Chinese consumer is the 'single most important thing' in the world economy, Jim O'Neill says

  • Chinese growth, a big driver of the global economy, is slowing.
  • Former Goldman Sachs chairman Jim O'Neill said the one worrying element is consumer spending.
  • Closer to home, O'Neill said Brexit with "No Deal" has a 20 percent probability.

Former Goldman Sachs Chairman Jim O'Neill has told CNBC that the single most important thing in the world economy is reviving the Chinese consumer.

China's official government figures said the country's economy slowed last year to 6.6 percent. The country is enduring an ongoing trade war with the U.S. while attempting a long-planned transition from a manufacturing and export-led economy to a consumer-driven model.

O'Neill who now acts as chair of Chatham House, an international affairs thinktank, told CNBC's "Street Signs" on Thursday that it was no surprise the country's growth had dipped.

"People shouldn't be freaking out, the demographics have turned," said O'Neill before adding that some of the reduction in growth was planned by Beijing.

The former Goldman supremo noted that while the headline growth figure of 6.6 percent last year was the slowest in almost three decades it was also, year-on-year, "still equivalent to adding another Australia."

O'Neill did note one area of concern that Beijing authorities were struggling to address.

"The one thing that does bother me is the Chinese consumer is slowing, that's not supposed to happen," he said before adding, "The single most important thing in the world economy is the Chinese consumer slowing down."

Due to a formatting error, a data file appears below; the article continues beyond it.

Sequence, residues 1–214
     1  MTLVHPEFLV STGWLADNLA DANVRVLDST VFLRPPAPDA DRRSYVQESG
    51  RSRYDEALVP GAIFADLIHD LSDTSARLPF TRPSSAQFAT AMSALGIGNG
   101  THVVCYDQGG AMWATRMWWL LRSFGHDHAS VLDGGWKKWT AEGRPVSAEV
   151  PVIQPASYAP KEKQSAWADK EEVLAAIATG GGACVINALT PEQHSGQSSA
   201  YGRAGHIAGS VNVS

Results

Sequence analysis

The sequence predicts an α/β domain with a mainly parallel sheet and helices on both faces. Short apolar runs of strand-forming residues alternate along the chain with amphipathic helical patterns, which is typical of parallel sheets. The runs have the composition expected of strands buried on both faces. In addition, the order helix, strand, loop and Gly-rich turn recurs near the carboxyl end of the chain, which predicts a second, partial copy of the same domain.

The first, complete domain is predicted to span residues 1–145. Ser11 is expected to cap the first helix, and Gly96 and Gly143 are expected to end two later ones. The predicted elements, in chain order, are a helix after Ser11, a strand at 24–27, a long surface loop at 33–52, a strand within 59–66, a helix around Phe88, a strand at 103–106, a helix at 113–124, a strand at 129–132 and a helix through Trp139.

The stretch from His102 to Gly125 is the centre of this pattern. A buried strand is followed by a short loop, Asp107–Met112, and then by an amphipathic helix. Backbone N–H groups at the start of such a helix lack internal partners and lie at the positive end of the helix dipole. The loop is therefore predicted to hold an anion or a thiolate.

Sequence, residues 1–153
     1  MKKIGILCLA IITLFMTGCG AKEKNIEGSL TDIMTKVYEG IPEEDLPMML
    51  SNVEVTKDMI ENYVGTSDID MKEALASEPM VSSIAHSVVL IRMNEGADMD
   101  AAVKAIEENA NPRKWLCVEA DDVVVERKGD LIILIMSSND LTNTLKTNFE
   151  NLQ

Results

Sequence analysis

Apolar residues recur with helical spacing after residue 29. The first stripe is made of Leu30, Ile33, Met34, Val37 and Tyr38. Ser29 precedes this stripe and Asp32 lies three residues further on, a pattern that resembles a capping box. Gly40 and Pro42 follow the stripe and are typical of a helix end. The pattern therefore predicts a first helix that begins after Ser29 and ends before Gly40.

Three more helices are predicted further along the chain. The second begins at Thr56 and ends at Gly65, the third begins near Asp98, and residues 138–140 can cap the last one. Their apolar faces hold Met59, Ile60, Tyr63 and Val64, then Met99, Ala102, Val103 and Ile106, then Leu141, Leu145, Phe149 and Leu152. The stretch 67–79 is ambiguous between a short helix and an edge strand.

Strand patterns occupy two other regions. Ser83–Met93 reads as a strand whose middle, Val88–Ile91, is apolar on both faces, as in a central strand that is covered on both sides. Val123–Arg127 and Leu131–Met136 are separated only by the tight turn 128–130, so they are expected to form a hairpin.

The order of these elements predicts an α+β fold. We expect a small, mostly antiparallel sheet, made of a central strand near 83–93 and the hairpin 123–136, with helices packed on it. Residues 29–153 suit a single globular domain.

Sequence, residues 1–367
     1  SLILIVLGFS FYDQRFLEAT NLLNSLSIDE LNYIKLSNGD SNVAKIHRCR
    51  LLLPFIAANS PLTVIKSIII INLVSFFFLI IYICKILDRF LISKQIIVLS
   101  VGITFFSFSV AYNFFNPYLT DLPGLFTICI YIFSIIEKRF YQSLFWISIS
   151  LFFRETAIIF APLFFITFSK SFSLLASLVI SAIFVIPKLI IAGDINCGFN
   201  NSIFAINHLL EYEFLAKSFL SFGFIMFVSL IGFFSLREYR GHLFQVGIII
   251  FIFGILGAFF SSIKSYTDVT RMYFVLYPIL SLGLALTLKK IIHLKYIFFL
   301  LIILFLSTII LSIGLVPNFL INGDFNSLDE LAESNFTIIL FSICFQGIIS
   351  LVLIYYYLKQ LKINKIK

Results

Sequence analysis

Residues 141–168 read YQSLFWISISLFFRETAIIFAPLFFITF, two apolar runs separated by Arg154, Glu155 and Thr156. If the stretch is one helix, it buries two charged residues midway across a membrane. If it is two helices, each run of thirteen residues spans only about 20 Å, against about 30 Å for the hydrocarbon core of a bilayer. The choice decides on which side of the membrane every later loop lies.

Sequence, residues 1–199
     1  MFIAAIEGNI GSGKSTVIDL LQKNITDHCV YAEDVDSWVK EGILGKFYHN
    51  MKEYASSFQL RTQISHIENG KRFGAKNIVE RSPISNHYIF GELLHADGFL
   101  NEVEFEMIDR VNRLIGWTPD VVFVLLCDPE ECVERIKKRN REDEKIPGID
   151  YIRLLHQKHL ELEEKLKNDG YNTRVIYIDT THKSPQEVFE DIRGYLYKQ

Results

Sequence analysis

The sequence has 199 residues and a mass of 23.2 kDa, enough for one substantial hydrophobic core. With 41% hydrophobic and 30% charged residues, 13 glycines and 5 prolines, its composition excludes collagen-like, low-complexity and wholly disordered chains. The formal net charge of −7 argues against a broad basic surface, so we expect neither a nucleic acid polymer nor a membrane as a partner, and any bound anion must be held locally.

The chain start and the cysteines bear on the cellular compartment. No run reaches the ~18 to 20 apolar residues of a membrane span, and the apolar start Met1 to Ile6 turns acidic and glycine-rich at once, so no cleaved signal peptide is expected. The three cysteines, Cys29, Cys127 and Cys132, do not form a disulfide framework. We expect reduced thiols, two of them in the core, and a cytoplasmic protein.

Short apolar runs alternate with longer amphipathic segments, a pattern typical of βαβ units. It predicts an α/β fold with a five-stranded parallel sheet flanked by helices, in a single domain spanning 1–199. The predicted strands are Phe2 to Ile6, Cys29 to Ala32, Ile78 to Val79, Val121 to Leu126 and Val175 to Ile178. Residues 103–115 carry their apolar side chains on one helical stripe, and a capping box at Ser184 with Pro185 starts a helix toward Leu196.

Brexit aggressiveness

With just 50 days until the U.K. is scheduled to leave the European Union, the mood between the two parties has soured after EU Council President Donald Tusk suggested on Wednesday there would be a "special place in Hell" for Brexiteers who had still offered no-exit plan.

O'Neill told CNBC the rhetoric was perhaps "a bit surprising by Brussels leadership standards," who were "normally extremely diplomatic," but did not come completely out of the blue.

"It doesn't look like the Brexiteers have thought about Irish border question at all, so kind of not surprising so for Brexiteers to feel a bit of their own general aggressiveness, you know they are not the only guys that can be mean and tough."

O'Neill said his own probability of Britain and Northern Ireland leaving the U.K. with no deal was about 20 percent.

He added there were signs that U.K. Prime Minister Theresa May, who visits Brussels Thursday, looked to be trying to weaken the resolve of the hardcore Brexit elements in her own party in order to get a withdrawal deal struck.

"I wonder if the PM is trying to play a sort of Machiavellian game. She's sort of trying to split the hard core Brexiteers and she has sort of dragged them to a slightly different position."